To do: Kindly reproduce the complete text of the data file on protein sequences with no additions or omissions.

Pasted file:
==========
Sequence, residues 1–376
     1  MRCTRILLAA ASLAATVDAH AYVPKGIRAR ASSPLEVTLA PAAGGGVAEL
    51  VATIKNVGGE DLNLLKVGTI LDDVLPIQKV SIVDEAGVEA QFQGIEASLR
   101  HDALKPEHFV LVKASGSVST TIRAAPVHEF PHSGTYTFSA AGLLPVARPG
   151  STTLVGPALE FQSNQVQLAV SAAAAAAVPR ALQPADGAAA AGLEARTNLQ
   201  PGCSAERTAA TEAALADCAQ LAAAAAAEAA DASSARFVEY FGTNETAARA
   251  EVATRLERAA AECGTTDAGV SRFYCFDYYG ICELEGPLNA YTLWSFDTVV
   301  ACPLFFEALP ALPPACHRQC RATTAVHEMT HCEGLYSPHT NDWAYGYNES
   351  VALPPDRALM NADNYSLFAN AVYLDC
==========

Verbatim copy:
Sequence, residues 1–376
     1  MRCTRILLAA ASLAATVDAH AYVPKGIRAR ASSPLEVTLA PAAGGGVAEL
    51  VATIKNVGGE DLNLLKVGTI LDDVLPIQKV SIVDEAGVEA QFQGIEASLR
   101  HDALKPEHFV LVKASGSVST TIRAAPVHEF PHSGTYTFSA AGLLPVARPG
   151  STTLVGPALE FQSNQVQLAV SAAAAAAVPR ALQPADGAAA AGLEARTNLQ
   201  PGCSAERTAA TEAALADCAQ LAAAAAAEAA DASSARFVEY FGTNETAARA
   251  EVATRLERAA AECGTTDAGV SRFYCFDYYG ICELEGPLNA YTLWSFDTVV
   301  ACPLFFEALP ALPPACHRQC RATTAVHEMT HCEGLYSPHT NDWAYGYNES
   351  VALPPDRALM NADNYSLFAN AVYLDC